Dear Future Boyfriend, From Your Girlfriend With Cerebral Palsy
If you’re reading this, it probably means I am starting to think about a more permanent relationship with you. I’m excited. I’m sure you are, too — but I need you to understand that a relationship with me will be a little more complicated (I have cerebral palsy). Here’s a list of things you should know before we jump into anything.
1. You are going to have to double as a caregiver on some level.
Let’s get the elephant in the room out of the way right now. Yes, you are probably going to have to help me with daily tasks at some point. Having cerebral palsy means I need a lot of help in a day. Obviously, I don’t expect you to do everything. I’m sure we’ll have some sort of outside help. There are going to be times when you’re going to have to take the reins, though. This could mean any number of things, including: helping me up from a fall, making my meals, or even taking me to the hospital. I won’t bore you with the rest of the tasks that may be required of you. Just know that the list can shrink or grow depending on the day and how my body feels.
2. When I got something, let me handle it.
This goes against everything I told you in the previous paragraph, but don’t over-help. The way I do a lot of things (putting on a jacket and transferring myself to furniture are two examples that are currently popping into my head) might look a little different from the way you do them. It may even look uncomfortable. When this happens, it’s fine to ask if I need help. I will say yes if I do, but if I say something like “I got this,” just let me handle it, OK? I’ve lived in this body for 18 years. I know how it works and what it can and can’t do.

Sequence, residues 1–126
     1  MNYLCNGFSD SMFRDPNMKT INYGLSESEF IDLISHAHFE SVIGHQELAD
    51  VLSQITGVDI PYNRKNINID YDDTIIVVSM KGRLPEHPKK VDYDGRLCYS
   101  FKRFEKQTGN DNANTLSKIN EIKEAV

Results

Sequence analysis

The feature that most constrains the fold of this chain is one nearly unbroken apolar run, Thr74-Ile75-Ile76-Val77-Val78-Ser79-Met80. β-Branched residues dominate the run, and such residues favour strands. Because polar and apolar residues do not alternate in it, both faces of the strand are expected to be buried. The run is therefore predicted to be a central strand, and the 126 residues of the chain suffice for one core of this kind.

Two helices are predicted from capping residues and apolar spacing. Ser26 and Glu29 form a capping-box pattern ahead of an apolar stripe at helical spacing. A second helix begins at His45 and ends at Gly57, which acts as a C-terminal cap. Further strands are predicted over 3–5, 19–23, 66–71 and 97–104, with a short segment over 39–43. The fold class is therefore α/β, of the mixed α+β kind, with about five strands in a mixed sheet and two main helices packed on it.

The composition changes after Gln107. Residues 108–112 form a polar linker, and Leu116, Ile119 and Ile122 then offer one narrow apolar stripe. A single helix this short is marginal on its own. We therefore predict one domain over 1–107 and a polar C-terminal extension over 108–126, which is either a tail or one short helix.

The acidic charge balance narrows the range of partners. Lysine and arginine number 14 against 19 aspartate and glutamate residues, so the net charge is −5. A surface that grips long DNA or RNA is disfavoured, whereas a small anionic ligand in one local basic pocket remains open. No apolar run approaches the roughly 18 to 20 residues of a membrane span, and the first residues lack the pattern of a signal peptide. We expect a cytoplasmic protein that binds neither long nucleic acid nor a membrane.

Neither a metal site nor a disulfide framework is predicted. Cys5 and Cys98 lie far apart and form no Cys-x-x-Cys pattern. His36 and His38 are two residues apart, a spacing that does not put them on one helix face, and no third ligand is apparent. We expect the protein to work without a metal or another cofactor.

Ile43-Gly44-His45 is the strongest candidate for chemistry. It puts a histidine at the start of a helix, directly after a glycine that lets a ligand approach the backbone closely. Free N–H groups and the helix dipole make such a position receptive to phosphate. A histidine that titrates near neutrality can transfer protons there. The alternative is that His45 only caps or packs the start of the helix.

3. Learn to live and love the “spoon theory.”
I know what you’re thinking: Spoon theory? What does a utensil have to do with anything? Allow me to give you a bit of a crash course. Spoons are basically a unit of measurement those of us with disabilities and chronic illnesses use to describe our energy levels. If we say we’re low on spoons, it means we’re low on energy. That happens to me more often than I’d like to admit, simply because it requires more energy for me to do things than it may for you. If I say I don’t have enough energy to go out after a busy day, I mean it. We can still have fun at home, though.
4. Traveling is going to take some work.
I’m game for a weekend away visiting family or a vacation for just the two of us, but I can’t just book the first flight or hotel I see. Traveling with me is a little more complicated. I have to make sure all my equipment (wheelchair and walker) and other supplies are packed, we’d have to start the journey early to make sure there’s enough time to get me loaded and settled in, we’d have to make sure wherever we’re staying is accessible for me. Even when all that goes smoothly, there can be some sort of accessibility snag somewhere. It happens. That’s OK, though. We’ll just laugh and figure it out together.
5. Get used to me speaking in abbreviations and medical terminology.
I’ve grown up surrounded by the medical world, and as such, I understand the way they speak quite well. Things like cerebral palsy (CP), physical therapy (PT), ankle-foot orthotic (AFO), selective dorsal rhisotomy (SDR), spondylolisthesis and bilateral femoral osteotomy (a more recent surgery) come out of my mouth with ease, as do the names of wheelchair parts and many other things. I don’t expect you to understand all of them right away, but if you stick around long enough you’ll be as good at it as I am.
6. Most importantly, I am not my disability.
A relationship with me is just the same as a relationship with anybody else. If you like me as a person, don’t let my disability scare you. Sure, we’ll have some extra challenges, but I’m sure between my past experience and your new ideas, we’ll figure them all out.
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